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Nooksack Indian Tribe v. Zinke

United States District Court, W.D. Washington, Seattle

April 11, 2017

THE NOOKSACK INDIAN TRIBE, Plaintiff,
v.
RYAN K. ZINKE, [1] et al., Defendants.

          ORDER GRANTING INTERVENORS' MOTION TO INTERVENE

          HONORABLE JOHN C. COUGHENOUR JUDGE

         This matter comes before the Court on 271 Nooksack Tribal Members'[2] motion to intervene (Dkt. No. 14). Having thoroughly considered the parties' briefing and the relevant record, the Court finds oral argument unnecessary and hereby GRANTS the motion for the reasons explained herein.

         I. BACKGROUND

         This matter arises out of the U.S. Department of the Interior's (DOI) decisions not to recognize any actions taken by the Nooksack Indian Tribal Council after March 24, 2016. (See Dkt. No. 1.) Plaintiff the Nooksack Indian Tribe[3] brought this action against various members of the DOI and its bureaus (collectively referred to as federal Defendants) to challenge the DOI's decisions and compel federal Defendants “to fully fund contracts awarded to the Tribe.” (Dkt. No. 1 at ¶ 1.) Among the actions the DOI refused to recognize was the disenrollment of 306 members of the Nooksack Tribe. (Id. at ¶¶ 30-44.) Some of the disenrolled members have another pending action before this Court, arising out of the same set of facts. See Rabang v. Kelly, C17-0088-JCC. Now, 271 of the disenrolled Nooksack Tribal Members[4] bring this motion to intervene in this separate action. (Dkt. No. 14.) Intervenors argue they may intervene as a matter of right or, in the alternative, the Court should allow permissive intervention. (Id.) Federal Defendants do not oppose this motion. (Dkt. No. 18.) Plaintiff, however, opposes the intervention. (Dkt. No. 22.)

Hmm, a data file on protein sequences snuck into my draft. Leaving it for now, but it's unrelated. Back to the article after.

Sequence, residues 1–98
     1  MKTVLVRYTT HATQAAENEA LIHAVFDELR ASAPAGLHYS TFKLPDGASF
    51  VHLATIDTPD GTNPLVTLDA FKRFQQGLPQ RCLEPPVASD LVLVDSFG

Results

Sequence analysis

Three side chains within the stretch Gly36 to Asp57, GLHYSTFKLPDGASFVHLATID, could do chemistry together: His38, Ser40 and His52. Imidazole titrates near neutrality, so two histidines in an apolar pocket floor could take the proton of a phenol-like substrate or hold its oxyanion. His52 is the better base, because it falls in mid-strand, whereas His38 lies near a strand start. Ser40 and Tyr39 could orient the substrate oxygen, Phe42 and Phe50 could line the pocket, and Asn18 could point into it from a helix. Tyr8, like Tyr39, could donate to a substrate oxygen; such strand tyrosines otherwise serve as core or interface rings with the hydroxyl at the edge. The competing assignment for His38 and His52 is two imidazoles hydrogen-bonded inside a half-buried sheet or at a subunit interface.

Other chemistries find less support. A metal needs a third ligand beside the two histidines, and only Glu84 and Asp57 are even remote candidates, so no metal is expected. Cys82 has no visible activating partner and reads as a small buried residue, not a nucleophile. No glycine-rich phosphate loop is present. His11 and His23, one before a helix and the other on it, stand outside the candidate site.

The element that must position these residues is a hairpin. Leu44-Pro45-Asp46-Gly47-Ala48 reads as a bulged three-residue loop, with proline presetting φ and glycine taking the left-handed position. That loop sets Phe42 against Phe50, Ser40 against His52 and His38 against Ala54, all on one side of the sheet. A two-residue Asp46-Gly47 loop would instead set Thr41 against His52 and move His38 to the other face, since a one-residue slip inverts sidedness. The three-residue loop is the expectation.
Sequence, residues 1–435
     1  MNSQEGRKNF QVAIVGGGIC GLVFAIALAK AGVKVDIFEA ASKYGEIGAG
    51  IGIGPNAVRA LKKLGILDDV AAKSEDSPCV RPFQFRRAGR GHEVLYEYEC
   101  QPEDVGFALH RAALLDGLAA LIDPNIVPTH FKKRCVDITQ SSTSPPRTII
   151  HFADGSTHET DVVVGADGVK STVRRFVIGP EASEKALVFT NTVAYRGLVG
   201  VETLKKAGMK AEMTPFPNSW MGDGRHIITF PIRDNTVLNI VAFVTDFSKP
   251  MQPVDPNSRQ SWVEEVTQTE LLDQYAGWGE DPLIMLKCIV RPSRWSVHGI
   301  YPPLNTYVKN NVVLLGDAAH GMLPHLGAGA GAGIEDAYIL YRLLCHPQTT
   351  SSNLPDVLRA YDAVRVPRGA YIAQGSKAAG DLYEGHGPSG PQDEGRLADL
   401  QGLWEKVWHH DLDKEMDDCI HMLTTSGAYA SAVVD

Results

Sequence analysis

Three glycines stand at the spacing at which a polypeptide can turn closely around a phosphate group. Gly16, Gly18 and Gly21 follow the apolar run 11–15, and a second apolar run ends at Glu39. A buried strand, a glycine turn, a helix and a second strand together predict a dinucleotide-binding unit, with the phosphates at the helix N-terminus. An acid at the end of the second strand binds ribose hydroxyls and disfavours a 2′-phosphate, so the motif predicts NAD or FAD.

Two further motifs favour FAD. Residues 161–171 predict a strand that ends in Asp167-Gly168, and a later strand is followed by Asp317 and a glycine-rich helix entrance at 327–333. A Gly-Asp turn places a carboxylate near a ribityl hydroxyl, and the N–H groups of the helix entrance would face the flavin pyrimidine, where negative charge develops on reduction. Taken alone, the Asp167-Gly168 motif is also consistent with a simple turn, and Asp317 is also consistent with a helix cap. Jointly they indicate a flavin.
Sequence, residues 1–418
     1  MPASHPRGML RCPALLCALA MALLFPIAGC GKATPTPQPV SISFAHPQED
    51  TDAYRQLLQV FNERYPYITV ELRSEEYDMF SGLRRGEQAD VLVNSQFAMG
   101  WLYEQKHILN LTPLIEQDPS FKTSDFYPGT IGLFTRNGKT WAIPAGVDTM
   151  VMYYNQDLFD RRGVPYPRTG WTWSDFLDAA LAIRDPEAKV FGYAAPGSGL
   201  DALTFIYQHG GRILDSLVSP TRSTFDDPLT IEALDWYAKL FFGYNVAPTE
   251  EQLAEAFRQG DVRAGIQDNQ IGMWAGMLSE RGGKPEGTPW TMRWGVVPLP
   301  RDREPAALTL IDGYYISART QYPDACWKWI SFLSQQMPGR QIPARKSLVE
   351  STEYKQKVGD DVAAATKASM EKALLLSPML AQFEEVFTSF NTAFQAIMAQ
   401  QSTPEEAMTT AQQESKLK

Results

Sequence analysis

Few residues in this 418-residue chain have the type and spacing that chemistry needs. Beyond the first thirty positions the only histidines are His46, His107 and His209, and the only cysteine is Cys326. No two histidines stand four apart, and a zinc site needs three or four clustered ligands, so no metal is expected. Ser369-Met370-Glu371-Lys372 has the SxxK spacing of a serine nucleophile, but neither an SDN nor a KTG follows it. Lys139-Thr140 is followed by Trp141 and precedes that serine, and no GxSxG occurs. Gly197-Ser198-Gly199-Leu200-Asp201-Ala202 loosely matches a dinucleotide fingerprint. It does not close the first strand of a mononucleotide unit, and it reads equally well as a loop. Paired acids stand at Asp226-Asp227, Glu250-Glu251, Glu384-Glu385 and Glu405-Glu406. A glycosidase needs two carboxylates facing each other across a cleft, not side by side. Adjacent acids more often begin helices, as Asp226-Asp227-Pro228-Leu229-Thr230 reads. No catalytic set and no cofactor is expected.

II. DISCUSSION

         A. Intervention as a Matter of Right

         Pursuant to Federal Rule of Civil Procedure 24(a)(2), a “party seeking to intervene as of right must meet four requirements: (1) the applicant must timely move to intervene; (2) the applicant must have a significantly protectable interest relating to the property or transaction that is the subject of the action; (3) the applicant must be situated such that the disposition of the action may impair or impede the party's ability to protect that interest; and (4) the applicant's interest must not be adequately represented by existing parties.” Arakaki v. Cayetano, 324 F.3d 1078, 1083 (9th Cir. 2003), as amended (May 13, 2003). In general, courts liberally construe Rule 24(a) in favor of potential intervenors. California ex rel. Lockyer v. United States, 450 F.3d 436, 440 (9th Cir. 2006).

         1. Timely Motion

         The parties agree that Intervenors' motion to intervene is timely. Therefore, the Court will move on to consider the other three factors, all of which must be met to allow for intervention as a matter of right. Arakaki, 324 F.3d at 1083.

         2. Protectable Interest